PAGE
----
Milton Dunn, William Scarborough, Rodney Braswell. Donald
Parker, Herbert Ashton, William Hunt, George Black.
. ll. I
S~anding~ Lejl i, Rilqhi:
Mary E. Lawson, Dorothy Bethea, Mary PlumLer, Juanita Way-
ne. Lea Kariger. Ida Reynolds, Betty Lyons, Helen \\'k ln. .t 4l
Helen Hewitt. Zona Boggs, lane Bevington. Hua \\ ii,.,i., Ri.,
Mohr. Made Bruce %' .. ,- i Plumler, Georgiana Krause.
Jemsina Holgenson, C .1II \i ,,i,,
Silting. Left L, Riq/hl: Marion Stowe, Virginia Thornton. Alma Bramin, Althea Butcher,
Charollette MacManan. Beverly Arnold. P-, B. P,,wn, Janett
Nesbitt, Betty Jo Kamilton, Adnre Jerome, 1 ii...ii Haughton,
Standing, Lejl to Righl
Silting, Lejt to Ritht:-
'Front Row, Left /o Rt/hl:-
SThomas Buler, Howard Melcher, Ralph Jary, Howard Cox.
Sidney Smith, Arthar Maral, Vincent Butler, Richard Parker.
Genree Booth. Nicholar Taimer, John Casaqui, Frank Robles.
\\lI,.ll Arboine. Raymond Happ. William Wood, Billy Ebdon.
William Maker, Bavard Colyear. William Sanum, Lawnence
\'addell, Sam Friar.
William Manter, Gustan Hamilin, Paul Gorin, l .le, Reeves,
Douglas Smith, Luis Tinlason. Palmer Kelly. Alfred Stumpf, Ri-
chard Wood. P illip Briscoe.
-Wanner Shenward. Robert Kopenski, Ray Phillips, Herbert
Greene. William Griffin, Thomas Ashton, John Hutchings, Grover
Gravatt, Richard Bunnett. Orin Appin, Frank Peterson.
JUNIOR CLASS .\CTII' I IES
by Miacel Goulet '37
Mr. Fringer presided over the first Junior class
meeting, September 26.
At that time, the following officers were elected:
At the second meeting Macel Goulet and CleI.i-
Moore were elected as representatives to the student
At the third meeting the class colors were decided
upon, and on account of the departure of Eddie Bretch
for California, a new treasurer, (Grace Ili,1-i was
chosen to fill this office. Although there was a
discussion as to whether r not the former class colors,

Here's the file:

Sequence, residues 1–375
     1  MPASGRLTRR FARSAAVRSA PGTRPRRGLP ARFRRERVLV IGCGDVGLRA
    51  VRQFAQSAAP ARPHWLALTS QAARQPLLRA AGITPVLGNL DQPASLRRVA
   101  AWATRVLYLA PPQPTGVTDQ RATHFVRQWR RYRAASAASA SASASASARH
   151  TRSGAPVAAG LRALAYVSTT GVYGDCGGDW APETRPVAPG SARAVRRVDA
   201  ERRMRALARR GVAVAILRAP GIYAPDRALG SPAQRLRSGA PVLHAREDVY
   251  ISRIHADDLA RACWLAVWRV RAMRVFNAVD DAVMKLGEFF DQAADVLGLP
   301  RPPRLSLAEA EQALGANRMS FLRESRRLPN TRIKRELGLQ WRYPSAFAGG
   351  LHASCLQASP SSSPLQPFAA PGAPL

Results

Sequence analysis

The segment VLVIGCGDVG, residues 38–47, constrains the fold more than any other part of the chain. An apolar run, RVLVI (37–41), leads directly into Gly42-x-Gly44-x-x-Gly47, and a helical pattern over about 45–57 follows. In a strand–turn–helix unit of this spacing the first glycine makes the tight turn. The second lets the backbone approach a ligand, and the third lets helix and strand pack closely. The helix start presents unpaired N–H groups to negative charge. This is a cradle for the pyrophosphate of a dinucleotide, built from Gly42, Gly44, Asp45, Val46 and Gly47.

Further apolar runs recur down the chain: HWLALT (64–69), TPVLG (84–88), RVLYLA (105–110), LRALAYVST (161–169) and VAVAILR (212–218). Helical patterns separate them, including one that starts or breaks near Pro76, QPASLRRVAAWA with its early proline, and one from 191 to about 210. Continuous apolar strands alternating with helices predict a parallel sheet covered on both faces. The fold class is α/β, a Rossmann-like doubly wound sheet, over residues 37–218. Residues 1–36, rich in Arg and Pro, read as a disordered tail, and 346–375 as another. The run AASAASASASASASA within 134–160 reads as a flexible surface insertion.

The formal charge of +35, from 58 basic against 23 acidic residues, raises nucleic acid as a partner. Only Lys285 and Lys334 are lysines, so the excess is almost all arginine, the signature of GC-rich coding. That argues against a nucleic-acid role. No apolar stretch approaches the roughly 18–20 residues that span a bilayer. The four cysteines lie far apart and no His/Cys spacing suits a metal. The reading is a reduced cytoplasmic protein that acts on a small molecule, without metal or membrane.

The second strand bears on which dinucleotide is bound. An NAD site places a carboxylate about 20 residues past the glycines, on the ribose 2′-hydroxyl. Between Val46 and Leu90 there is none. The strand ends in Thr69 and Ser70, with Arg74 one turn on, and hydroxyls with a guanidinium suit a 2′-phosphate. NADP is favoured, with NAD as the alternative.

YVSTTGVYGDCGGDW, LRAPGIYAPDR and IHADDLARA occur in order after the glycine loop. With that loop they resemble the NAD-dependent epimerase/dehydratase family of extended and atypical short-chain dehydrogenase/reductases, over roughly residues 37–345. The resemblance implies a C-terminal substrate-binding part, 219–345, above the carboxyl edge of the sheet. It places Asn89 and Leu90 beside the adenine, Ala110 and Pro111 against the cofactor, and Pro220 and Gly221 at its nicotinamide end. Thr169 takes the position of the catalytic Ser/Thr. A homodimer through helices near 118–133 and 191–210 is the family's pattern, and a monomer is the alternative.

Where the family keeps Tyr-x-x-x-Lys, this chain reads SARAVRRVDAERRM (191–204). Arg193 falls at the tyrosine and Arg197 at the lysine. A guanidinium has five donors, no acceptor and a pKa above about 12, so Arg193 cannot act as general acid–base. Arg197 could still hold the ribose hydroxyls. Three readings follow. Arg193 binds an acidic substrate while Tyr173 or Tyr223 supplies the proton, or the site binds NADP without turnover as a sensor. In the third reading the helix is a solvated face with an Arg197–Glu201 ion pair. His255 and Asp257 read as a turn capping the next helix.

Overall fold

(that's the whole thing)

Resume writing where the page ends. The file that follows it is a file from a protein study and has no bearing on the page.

Blue and White, should be retained, it was finally
decided to have Red and White. Kathleen Phillips,
Ruth Moody and Macel Goulet comprised the com-
mittee to order the class rings.
May I)arley and Kathleen Phillips represented
the class on the "A" honor roll for the first six weeks
This class has the satisfaction of hi ii. a few
members in every organized club in high school.
With such an ambitious and energetic group of
Juniors, our year will surely be most successful, and
SOPHIOMO )RE CLASS ACTI CITIES
by Nini Stephens '37
The sophomore class of 1935-36 elected at their
first meeting the following officers:
John Finlason President
Henry Jaramillo Vice-President
Bea Cotton Secretary
Mr. Bousman was appointed class sponsor.
At the second meeting, Virginia Lyons and Vernon
Moore were chosen as class representatives to the
The class was called together on January 2 to
discuss the sphohmore dance. A committee was
formed with Bea Cotton as chairman, Dorothy Knox,
Rose Wolf, Mazie Curtis, Enmio Borden, Billy Fors-
strom, David Potts, lohn Finlason were chosen as her
helpers. They decided to have a Leap Year I)ance
on January 10.
Next the Carnival business was taken up. Billy
Forsstrom, chairman, Bea Cotton, Theresa Goulet,
Eddie Sullivan, and Henry Jaramillo are the committee
in charge of the sophomore booths.
In basket-ball the boys were third and so were
the girls. They are looking forward to a much more
successful year in the other sports.
All the sophomore class now have a good start on
their high school careers, and next year as Juniors we
hope to fill the place capably.
FRESHMEN CLASS ACTIVITIES
bv Virginia Thornton '39
The first meeting of the Class of '39 was held
in room 1i1.) for the purpose of electing class officers.
Mr. Batalden, sponsor, conducted the meeting. The
President and Vice President were elected, but since
there was not enough time, the other officers were
chosen at the next two meetings.
The results of the elections were as follows:
Vice President GEORGE BOOiTH
Treasurer BAYARD COLLIER
Secretary PP(;(GY BROWN